COACH POSITION: Earlier this month Kathryn Smith became the first female full-time coach in the NFL. After years of serving in various assistant capacities she will be a quality control assistance coach for the Buffalo Bills. She will analyze tapes and data, compile statistics, and provide reports for the Head Coach so that he will know what he will be facing in the next game. During the game she will continue tracking plays.
CHIEF EXECUTIVE POSITION: Amy Trask, who began her career as an intern with the Oakland Raiders is now their chief executive. Aside from some team owners, no other woman ranks higher than she does in the NFL.
ON THE DISAPPOINTING SIDE: Jen Welter, whose five-week internship with the Arizona Cardinals has ended, was not picked up as a fulltime coach. She spent 14 years playing professional football, including in a men’s league where she was the First Woman in a non-kicking position. She still hopes to be picked up, if not by the Cardinals then by another team.
Jen Welter is the first woman coach in NFL history. As announced a few weeks ago, her position with the Arizona Cardinals is temporary, an internship, but still a remarkable achievement. Full credit goes to head coach, Bruce Arians, who justifies the hire by saying, “Coaching is nothing more than teaching.” He and Welter believe the inside linebackers will respond to her when they see their playing improve.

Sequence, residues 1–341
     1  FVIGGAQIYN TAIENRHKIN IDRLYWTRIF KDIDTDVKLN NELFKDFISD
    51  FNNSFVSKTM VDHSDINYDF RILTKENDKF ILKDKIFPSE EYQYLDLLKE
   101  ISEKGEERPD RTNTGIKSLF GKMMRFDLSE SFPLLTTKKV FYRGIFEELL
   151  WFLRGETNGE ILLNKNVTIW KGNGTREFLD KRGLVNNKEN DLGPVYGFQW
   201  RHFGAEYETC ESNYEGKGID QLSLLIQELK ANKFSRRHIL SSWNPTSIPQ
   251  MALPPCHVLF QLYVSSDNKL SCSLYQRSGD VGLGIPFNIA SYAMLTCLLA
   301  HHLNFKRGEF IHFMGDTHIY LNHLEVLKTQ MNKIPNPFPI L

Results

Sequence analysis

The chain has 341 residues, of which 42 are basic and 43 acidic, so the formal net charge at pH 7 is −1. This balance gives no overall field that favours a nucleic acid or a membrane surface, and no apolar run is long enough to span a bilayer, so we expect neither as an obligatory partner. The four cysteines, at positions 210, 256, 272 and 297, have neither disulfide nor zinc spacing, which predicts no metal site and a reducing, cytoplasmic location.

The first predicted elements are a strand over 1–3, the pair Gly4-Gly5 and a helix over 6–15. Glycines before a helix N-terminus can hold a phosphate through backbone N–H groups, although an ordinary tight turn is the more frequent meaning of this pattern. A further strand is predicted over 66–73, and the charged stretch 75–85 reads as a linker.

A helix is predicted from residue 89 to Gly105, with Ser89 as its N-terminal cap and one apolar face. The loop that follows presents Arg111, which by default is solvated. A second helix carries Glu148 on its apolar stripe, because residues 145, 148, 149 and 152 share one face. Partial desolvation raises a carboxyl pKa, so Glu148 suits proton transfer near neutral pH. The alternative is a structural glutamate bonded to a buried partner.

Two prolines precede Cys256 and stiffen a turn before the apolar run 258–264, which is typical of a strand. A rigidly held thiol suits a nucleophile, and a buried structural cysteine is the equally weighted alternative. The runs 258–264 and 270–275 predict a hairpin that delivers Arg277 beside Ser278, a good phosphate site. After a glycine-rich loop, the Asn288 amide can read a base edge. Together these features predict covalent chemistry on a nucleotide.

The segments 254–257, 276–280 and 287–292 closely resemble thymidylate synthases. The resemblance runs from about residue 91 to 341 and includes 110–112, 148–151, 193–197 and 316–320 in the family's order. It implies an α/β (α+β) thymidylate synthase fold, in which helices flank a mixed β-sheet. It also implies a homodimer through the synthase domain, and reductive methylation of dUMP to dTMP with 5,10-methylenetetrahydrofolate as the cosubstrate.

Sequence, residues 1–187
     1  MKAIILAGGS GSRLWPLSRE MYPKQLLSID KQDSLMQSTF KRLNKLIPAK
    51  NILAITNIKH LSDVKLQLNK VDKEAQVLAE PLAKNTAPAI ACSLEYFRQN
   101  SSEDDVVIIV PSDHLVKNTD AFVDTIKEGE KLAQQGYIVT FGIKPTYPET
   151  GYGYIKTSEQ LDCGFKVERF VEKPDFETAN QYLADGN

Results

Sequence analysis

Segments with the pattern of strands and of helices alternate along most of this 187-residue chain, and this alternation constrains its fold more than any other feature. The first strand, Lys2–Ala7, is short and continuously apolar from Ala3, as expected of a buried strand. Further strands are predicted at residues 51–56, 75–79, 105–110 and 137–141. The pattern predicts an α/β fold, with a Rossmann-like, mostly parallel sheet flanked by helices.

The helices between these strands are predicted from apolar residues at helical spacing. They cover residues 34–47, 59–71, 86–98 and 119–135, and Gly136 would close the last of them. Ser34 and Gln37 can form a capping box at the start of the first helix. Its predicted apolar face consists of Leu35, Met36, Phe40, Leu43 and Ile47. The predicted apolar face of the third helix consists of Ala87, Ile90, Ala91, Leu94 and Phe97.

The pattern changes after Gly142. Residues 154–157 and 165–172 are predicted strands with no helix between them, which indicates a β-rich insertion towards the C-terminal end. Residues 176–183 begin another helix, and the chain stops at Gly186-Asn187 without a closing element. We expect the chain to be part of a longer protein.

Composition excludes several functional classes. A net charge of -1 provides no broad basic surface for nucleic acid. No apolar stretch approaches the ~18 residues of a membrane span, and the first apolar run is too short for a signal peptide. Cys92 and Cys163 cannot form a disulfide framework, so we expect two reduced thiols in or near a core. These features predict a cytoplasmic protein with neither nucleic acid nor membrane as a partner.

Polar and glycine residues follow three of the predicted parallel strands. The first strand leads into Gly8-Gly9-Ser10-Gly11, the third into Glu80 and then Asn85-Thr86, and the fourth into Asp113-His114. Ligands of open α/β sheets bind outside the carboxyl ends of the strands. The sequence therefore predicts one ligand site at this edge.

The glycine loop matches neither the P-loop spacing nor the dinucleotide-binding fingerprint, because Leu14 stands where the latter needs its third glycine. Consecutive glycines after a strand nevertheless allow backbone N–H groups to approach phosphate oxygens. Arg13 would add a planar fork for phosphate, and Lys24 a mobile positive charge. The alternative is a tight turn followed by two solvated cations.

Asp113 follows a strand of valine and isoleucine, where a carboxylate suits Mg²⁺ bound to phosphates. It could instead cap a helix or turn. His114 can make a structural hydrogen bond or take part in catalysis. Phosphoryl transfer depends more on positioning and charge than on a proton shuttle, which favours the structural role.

Welter’s background prepared her for this role. First of all, she knows football from the inside. Her experience included fourteen seasons of play in several women’s football league teams, earning her gold medals in international competitions. In 2014 she became the first woman running back for a male professional football team, The Texas Revolution of the Indoor Football League. Until she earned this position, women had played with men only as kickers. She was the first to play full body contact football with the guys. She was also a special teams and linebacker coach with the Revolution, the first woman in a coaching position for a men’s team.
Welter brings something else to the game that many (or perhaps all?) male coaches do not. She has a Ph.D. in psychology. “I want to help guys realize football is as mental as it is physical,” she says, “and that I’m invested in their future. When guys know they are cared about as a person, not just a player or a commodity, they will absolutely play harder.”
Welter understands she is a role model. She noted that, even after winning four championships and two gold medals she was not asked to appear on ESPN until she earned a position on an NFL team. “This isn’t about me,” she says. “This is about every woman and girl who absolutely loves the game of football and they haven’t had a place before.”